Archive by category | Extreme Events

Why a climate crisis is like an epileptic seizure

Why a climate crisis is like an epileptic seizure

Tipping points – those critical thresholds in a complex system where a small nudge can cause a catastrophic response – are perhaps the most fearsome threats to the Earth’s climate, but they also haunt ecosystems, financial markets, and even sufferers of medical conditions such as epilepsy and asthma. A fascinating review in Nature today (subscription) sketches out the mathematical patterns on which many of these instances seem to be based, and describes giveaway signs that might warn us to change course before the system tips.  Read more

AGU Chapman Conference: “They walked away”

AGU Chapman Conference: "They walked away"

At the AGU Chapman conference today, Yale archaeologist Harvey Weiss took the prize for an abrupt climate change picture worth a thousand words. Excavating an Akkadian palace in Tell Leilan, Syria, in 2006 and 2008, Weiss’s team found one room with a grain storage vessel smashed on the floor. Lying next to it were a standard litre measure used for rationing grain, and the tablet on which a bureaucrat had been recording the rationing. The artifacts date from about 2190 B.C., when cities and towns of the Akkadian empire in Mesapotamia were being abandoned en masse as the region suffered crushing drought.  Read more

AGU Chapman: Meridional madness

AGU Chapman: Meridional madness

Today’s theme at the AGU Chapman Conference on Abrupt Climate Change is that big baddie of climatic tipping points, the shutdown (and rebooting) of the Atlantic Meridional Overturning Circulation, or AMOC. Could this massive system go down again? Tom Delworth of NOAA took on that question and offered up some interesting new modelling evidence.  Read more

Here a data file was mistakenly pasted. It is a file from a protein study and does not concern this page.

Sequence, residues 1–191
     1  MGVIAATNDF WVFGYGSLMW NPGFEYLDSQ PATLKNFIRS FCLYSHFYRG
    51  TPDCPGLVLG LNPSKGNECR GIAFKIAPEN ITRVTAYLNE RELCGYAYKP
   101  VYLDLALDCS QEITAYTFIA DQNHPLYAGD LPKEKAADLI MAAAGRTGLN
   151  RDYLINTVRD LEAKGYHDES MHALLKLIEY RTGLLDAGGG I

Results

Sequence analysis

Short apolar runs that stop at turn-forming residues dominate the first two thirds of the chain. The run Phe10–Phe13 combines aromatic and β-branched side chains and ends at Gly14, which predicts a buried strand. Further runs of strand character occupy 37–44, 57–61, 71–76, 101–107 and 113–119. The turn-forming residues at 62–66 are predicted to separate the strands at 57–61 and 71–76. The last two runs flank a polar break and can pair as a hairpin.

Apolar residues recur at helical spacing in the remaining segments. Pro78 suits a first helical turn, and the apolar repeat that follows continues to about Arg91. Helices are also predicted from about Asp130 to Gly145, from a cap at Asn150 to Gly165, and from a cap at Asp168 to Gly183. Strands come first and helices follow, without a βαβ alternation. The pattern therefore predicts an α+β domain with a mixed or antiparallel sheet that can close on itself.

Greening vs. Gassing in the Arctic

Scientists have long debated how the global climate might be affected by thawing of the Arctic’s permanently frozen soils, known as permafrost. As permafrost melts, bacteria break down the organic matter in the soil, releasing greenhouse gases. But at the same time, plants flourish with access to warmer, deeper soils, taking in carbon dioxide. The overall affect on the climate was assumed to be the balance between the gassing and greening.  Read more

Will warming wash-away Wall Street?

Will warming wash-away Wall Street?

Cross-posted from The Great Beyond New Yorkers beware! A new study published in Nature Geoscience says the north-eastern US coast will be in more trouble from global warming than previously believed. Looking at the predictions from a whole set of different climate models, researchers Jianjun Yin, Michael Schlesinger and Ronald Stouffer found that changes in ocean circulation will result in higher sea levels in the region, over and above expected global sea level changes. Depending on whether greenhouse gas emissions are low or high, an additional rise of between 15 and 21 cm can be expected by 2100, they say.  Read more

Rapid retreat of Greenland’s outlet glaciers may be temporary

The loss of ice from Greenland ranks as one of the most troubling, and poorly understood, aspects of climate change. Melting of the colossal ice sheet, which is already undoubtedly underway, has the capacity to raise global sea levels by an astounding 7 meters.  Read more

AGU 2008: On the home front

I hadn’t anticipated quite so much rain during the AGU’s Fall conference in San Francisco, but apparently this exact week is, on average, the city’s wettest of the year. Or so I heard at today’s session on how the region is likely to be impacted by climate change.  Read more